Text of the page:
From grainy, hard-to-find VHS tapes to DVDs crammed full of epic scenery, filming, and riding, to the near-endless and (usually) impressive "shreddits" that you'll see on the homepage every day, mountain bike videos have changed a lot over the years. But are there too many? After all, with the riding and filming often at such a high level, it's easy to argue that there's no such thing as too many videos. Today's podcast sees IFHT's Jason Lucas join Brian Park and me for a chat about exactly that, as well as how IFHT started, the gear they're using, how to make a fun tradeshow video (see below), and some of Jason's favorite films.
What MTB video could you watch on repeat for eternity?
THE PINKBIKE PODCAST // EPISODE 129 - ARE THERE TOO MANY MTB VIDEOS? INTERVIEW W/ IFHT'S JASON LUCAS June 28th, 2022
There will never be too many shreddits.
Featuring a rotating cast of the editorial team and other guests, the Pinkbike podcast is a weekly update on all the latest stories from around the world of mountain biking, as well as some frank discussion about tech, racing, and everything in between.
Ryder Kasprick in Elemental, so smooth and chill: www.pinkbike.com/video/7798
I do actually sometimes watch it 5 or more times in a row.
Love how it just ends with him still riding on as if we just caught a glimpse of an endless ride.
My favorite launch video is the 2015 Santa Cruz 5010 with Steve Peat in Scotland. The track Higher Power / Where Have All the Good Times Gone by Joe Gideon & the Shark is key.
I remember when a backflip in a BMX competition was an instant winner, it's not THAT long ago. Same for front flips, it was thought to be impossible up until what, ~20 years ago?
Danny Mcaskill stuff defies logic, especially with his creative lines and vids.
Rampage is getting to the point where it's stick it or helicopter ride....I think we'll see some more progression here, unlike moto, those guys still are not pushing the physical and injury boundaries the moto guys were back in the 90's and early 2000's.
But I agree, what makes me excited are creative edits with some behind the scenes...scoping out jumps, the multiple fails, kinda makes you feel like you are there and experiencing it vs watching a perfectly edited video with no blemishes....
In older more established sports like gymnastics or figure skating are there still world firsts happening semi regularly? I'm genuinely asking, I suspect not, but I have no idea.
If the money starts rolling, folks may start taking more risks....but those old school moto guys back in the day were willing to lay it all on the line, different mindset relative to today, folks just are not wired the same. All those old freestyle moto guys had broken backs, femurs, etc at one point....par for the course, it happens in MTB, but very rare...point being, there is still room for increased risk for those that are willing to toe that line.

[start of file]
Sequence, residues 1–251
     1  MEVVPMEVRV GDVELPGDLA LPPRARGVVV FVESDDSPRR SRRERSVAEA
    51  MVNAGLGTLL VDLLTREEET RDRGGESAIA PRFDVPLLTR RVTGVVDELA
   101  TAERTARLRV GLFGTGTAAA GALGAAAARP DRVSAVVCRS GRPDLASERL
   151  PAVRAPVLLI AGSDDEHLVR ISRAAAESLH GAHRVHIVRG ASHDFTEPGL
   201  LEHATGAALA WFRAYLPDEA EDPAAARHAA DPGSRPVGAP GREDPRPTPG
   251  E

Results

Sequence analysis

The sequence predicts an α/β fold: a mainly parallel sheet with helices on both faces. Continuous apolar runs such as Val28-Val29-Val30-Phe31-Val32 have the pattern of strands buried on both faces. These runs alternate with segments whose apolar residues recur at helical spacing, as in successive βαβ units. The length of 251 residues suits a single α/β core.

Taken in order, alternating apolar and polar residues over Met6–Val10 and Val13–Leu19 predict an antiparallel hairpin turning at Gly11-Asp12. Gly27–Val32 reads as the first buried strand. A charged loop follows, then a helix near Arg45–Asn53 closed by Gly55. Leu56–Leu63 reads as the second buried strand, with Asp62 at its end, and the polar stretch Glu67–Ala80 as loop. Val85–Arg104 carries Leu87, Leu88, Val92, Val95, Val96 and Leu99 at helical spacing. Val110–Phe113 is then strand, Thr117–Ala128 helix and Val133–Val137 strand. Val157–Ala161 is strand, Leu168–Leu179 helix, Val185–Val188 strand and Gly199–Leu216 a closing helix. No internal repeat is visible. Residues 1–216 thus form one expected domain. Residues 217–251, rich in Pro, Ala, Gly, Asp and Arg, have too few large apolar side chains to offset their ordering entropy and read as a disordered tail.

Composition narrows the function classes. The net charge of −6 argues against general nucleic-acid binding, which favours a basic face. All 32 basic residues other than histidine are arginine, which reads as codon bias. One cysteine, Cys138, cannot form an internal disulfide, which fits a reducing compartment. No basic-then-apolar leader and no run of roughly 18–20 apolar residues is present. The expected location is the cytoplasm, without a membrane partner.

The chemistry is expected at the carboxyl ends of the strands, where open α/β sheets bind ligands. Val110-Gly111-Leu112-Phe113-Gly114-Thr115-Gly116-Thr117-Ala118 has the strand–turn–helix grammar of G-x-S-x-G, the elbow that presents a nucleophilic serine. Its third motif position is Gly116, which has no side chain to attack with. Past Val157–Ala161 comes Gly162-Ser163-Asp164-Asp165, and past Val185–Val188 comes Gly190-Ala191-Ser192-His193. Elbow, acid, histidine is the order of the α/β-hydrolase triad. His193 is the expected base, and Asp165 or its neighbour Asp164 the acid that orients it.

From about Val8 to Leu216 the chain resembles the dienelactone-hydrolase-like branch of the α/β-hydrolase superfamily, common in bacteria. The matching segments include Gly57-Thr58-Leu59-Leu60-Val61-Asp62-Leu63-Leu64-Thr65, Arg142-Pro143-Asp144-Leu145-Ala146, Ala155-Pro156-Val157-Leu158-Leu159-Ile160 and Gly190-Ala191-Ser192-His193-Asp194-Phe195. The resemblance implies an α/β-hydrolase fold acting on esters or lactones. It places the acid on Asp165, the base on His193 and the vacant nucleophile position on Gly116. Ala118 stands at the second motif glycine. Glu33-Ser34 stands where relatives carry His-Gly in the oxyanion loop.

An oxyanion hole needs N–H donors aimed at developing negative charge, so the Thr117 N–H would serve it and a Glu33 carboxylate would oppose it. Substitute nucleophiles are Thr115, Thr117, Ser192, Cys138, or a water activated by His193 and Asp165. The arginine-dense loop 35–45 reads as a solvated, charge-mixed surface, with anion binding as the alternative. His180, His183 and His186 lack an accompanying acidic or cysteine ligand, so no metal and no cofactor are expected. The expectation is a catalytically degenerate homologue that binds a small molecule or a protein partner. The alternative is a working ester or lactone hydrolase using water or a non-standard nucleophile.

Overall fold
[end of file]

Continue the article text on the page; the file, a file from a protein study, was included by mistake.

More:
Guys like Brage Vestavik are going big on sketchy lines - that edit he had last year was very much a progression (IMO).
One place where we are seeing lots of progression is with women, the stuff the gals are doing today would have won some competitions just a few years back...
and worst of all, because of internet culture, these videos are being recommended above and succeeding over the more genuine and high quality content. it's actually hard to dig around and find the better content. that shit should have stayed on television. hate to see it bleed into the smaller platforms, and turn those platforms into the same damn thing reality TV was... (glares in PB's general direction)
When there are too few choices - we complain; too many choices - more complaints. Complaints and never-ending grievance - while sitting in the lap of total luxury & wealth in the modern world - is what there actually seems to be too much of. You don't have to ride a bike to live - a huge # of people aren't even eating today so too many vids is just more 1st world probs.
Sure there's a ton of junk out there - but you can filter thru that by watching vids here on PB (on your whim), Redbull, 50-to-1 and plenty of other reliable sources (and even then, there's Meh-quality stuff there too). We all know the BS amateur channels on youtube and how to pass right over them but even then - everyone starts somewhere, so let 'em make their crayola mtb vids and get better or stop.
As Kaz said in the previous podcast "you don't have to watch all of them - it's OK to do other things". We're all lucky enough to have some of the best GD bikes every built so another option is to just go ride and leave the gopro behind. It's just f*cking bikes, not a lawsuit. Vids are not mandatory but riding is.
Jordie Lunn riding down that tree is definitely one of the most interesting things anybody had put in a MTB video in years. God rest his soul.
My two all time classic favorites are the Peaty and Rey Iceland Traverse and the Athertons/Dan Atherton that ends with the nighttime jump sesh in the yard.
Also, has anybody every actually watched an entire YT release video?
(Please take this is the best possible light. This question was asked with love )
Also firehosing metaphorically is about pushing propaganda. Hardly what 'generic' mtbers are about.
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